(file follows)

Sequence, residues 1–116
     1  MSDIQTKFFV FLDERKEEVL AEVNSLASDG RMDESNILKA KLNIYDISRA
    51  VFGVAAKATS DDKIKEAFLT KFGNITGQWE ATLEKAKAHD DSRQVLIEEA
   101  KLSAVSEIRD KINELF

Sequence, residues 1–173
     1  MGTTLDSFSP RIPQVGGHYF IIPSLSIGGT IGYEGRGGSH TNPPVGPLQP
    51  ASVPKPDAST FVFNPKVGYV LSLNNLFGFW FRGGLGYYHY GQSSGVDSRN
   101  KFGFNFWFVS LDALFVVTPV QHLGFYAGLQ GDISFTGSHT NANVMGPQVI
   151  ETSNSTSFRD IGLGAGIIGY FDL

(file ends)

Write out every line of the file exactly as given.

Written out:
Sequence, residues 1–116
     1  MSDIQTKFFV FLDERKEEVL AEVNSLASDG RMDESNILKA KLNIYDISRA
    51  VFGVAAKATS DDKIKEAFLT KFGNITGQWE ATLEKAKAHD DSRQVLIEEA
   101  KLSAVSEIRD KINELF

Sequence, residues 1–173
     1  MGTTLDSFSP RIPQVGGHYF IIPSLSIGGT IGYEGRGGSH TNPPVGPLQP
    51  ASVPKPDAST FVFNPKVGYV LSLNNLFGFW FRGGLGYYHY GQSSGVDSRN
   101  KFGFNFWFVS LDALFVVTPV QHLGFYAGLQ GDISFTGSHT NANVMGPQVI
   151  ETSNSTSFRD IGLGAGIIGY FDL